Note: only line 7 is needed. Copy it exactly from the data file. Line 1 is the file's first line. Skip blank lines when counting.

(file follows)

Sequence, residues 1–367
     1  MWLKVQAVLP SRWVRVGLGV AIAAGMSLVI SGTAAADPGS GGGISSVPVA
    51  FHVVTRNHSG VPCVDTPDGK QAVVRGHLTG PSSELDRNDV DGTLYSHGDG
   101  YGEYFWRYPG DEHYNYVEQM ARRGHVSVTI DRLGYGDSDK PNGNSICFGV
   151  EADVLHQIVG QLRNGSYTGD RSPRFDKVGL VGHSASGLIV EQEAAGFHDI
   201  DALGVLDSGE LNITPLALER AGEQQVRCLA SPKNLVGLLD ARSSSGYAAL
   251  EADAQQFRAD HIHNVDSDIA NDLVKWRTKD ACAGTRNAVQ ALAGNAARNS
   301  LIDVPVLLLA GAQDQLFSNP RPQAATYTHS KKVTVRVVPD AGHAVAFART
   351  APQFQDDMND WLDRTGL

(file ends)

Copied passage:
   251  EADAQQFRAD HIHNVDSDIA NDLVKWRTKD ACAGTRNAVQ ALAGNAARNS